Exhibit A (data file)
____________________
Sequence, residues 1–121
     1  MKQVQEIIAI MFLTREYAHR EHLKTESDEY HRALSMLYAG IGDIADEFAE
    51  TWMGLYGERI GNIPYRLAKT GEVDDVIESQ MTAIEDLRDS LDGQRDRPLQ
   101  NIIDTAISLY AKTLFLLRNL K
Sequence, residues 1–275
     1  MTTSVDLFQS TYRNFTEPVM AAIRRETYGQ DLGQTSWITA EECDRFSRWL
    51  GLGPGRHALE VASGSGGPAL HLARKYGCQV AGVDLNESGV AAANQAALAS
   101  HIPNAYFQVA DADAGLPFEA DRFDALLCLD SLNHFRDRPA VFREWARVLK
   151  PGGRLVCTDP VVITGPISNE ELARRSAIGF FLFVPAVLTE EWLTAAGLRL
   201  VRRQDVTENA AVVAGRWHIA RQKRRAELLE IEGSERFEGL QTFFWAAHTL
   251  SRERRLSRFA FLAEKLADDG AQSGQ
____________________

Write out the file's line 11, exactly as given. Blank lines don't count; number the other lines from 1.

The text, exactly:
   251  SRERRLSRFA FLAEKLADDG AQSGQ